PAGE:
top of page


courtesy of and adapted from the Chagrin Valley Hunt

ALL ON  All hounds in, present and accounted for.

AWAY A fox has “gone away” when he has left the covert (cover). Hounds are “away” when they have left the covert on the line of a fox.

BABBLE To give tongue on scent other than fox, on no scent at all, or on a scent too faint to follow. Can also be applied to the conversation that field members engage in during checks.

BLANK To draw blank is to fail to find a fox.

BRUSH A fox’s tail is always called the brush.

BUTTON To receive, or be awarded the hunt buttons and colors.

BYE A “bye” day is a hunting day not scheduled on the fixture card.

CAP A fee that is paid by non-subscribers for a day of hunting, “capping.”

CHECK An interruption in a run caused by hounds temporarily losing the line. (Checks provide a welcome “refreshment” break from the action for the riders!)

COLORS (1) Colors that distinguish the uniform of a particular hunt. (2) To be awarded colors is to be given the right to wear them. Colors may include a unique vest, a specific color felt collar for one’s hunt coat, hunt logo buttons and males with colors wear scarlet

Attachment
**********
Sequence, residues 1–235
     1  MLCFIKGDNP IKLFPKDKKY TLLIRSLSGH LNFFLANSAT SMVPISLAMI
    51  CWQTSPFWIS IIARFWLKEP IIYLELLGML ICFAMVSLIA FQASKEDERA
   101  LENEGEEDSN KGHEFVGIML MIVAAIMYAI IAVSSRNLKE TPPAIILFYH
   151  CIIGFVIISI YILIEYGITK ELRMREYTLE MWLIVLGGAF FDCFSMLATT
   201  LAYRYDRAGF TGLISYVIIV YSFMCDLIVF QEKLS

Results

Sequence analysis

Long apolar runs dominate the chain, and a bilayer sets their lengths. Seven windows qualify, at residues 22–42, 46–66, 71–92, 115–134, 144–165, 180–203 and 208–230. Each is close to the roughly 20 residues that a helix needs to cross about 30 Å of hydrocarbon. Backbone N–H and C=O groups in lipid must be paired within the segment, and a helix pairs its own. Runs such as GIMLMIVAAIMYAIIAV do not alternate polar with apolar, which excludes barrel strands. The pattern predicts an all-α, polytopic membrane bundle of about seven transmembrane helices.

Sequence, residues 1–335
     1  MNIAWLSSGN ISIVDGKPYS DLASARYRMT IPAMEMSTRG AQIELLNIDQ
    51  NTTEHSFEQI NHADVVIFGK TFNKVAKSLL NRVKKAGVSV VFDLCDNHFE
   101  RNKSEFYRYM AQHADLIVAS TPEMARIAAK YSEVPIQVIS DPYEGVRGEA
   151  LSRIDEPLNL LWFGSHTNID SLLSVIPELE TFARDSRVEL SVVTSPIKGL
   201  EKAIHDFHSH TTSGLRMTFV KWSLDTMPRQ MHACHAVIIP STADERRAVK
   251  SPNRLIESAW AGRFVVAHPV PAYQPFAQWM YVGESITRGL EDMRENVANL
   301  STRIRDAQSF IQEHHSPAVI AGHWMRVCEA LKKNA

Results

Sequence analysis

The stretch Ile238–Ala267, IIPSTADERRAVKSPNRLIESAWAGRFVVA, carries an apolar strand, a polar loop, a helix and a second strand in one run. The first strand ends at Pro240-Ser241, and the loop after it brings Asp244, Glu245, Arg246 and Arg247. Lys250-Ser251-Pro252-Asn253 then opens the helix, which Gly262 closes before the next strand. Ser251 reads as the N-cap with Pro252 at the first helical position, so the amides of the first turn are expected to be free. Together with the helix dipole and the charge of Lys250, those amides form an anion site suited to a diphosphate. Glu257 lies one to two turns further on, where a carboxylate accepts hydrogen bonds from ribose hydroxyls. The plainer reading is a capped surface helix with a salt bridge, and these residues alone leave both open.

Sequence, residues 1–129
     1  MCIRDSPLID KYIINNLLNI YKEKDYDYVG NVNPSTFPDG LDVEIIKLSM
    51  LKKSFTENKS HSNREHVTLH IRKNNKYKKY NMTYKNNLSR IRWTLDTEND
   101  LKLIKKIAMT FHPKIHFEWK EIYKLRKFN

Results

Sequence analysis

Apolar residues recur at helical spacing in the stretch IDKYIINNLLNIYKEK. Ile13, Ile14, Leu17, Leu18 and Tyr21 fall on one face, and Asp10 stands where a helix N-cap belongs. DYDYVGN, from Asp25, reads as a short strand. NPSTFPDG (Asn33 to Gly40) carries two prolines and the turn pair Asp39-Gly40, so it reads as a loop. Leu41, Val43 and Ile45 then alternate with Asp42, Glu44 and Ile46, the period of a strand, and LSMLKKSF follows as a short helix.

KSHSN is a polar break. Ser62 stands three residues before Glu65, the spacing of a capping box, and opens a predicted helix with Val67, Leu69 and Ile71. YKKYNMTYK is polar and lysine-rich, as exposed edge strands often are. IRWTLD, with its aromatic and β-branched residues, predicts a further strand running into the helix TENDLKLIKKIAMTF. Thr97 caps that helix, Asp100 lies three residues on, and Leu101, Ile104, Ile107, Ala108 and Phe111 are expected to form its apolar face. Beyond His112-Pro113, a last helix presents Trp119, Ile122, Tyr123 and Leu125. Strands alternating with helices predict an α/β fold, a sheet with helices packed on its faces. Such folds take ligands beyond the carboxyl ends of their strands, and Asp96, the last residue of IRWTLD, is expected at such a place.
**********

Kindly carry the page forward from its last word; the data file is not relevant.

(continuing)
Charlie the Fox

Charlie is a fixture at LCH events

COUPLE Two hounds, for convenience in counting. Hounds are always referred to as so many couple. Generally an odd number is taken out hunting, “We have 14-and-a-half couple out today.” A couple is also a device for keeping two hounds attached to each other for training purposes.

COVERT (Pronounced “cover”) A patch of woods or brush where a fox might be found.

CRY The sound given by hounds when hunting, also referred to as “music.”

CUB A young fox.

CUBBING No longer in use. Now called “informal” or “autumn” season.


DOUBLE To blow a series of short sharp notes, “double the horn.” Signifies a fox is afoot.

DOUBLE BACK A fox that returns to covert after having left is said to double back.

DRAW To search for a fox in the covert.

DRIVE The urge to get forward with the line. “That hound has drive.”

DWELL  To hunt without getting forward. A hound that lacks drive is apt to dwell.

EARTH A place where a fox goes to ground for protection, but usually a place where foxes live regularly – a fox den.

ENTER A hound is “entered” when he is first regularly used for hunting. Puppies in their first season of hunting are referred to as “young entry.”

FEATHER  A hound “feathers” when he indicates, by actions rather than voice, that he is on a line, or near it. The stern is waved and activity is concentrated and intensified.

FIELD The group of people riding to hounds, excluding the MFH and Staff.

FIELD MASTER  The person designated to lead the field. The Field Master may, or may not be a MFH.

FIXTURE CARD The card sent out to list the times and meeting places for the given period, usually one month.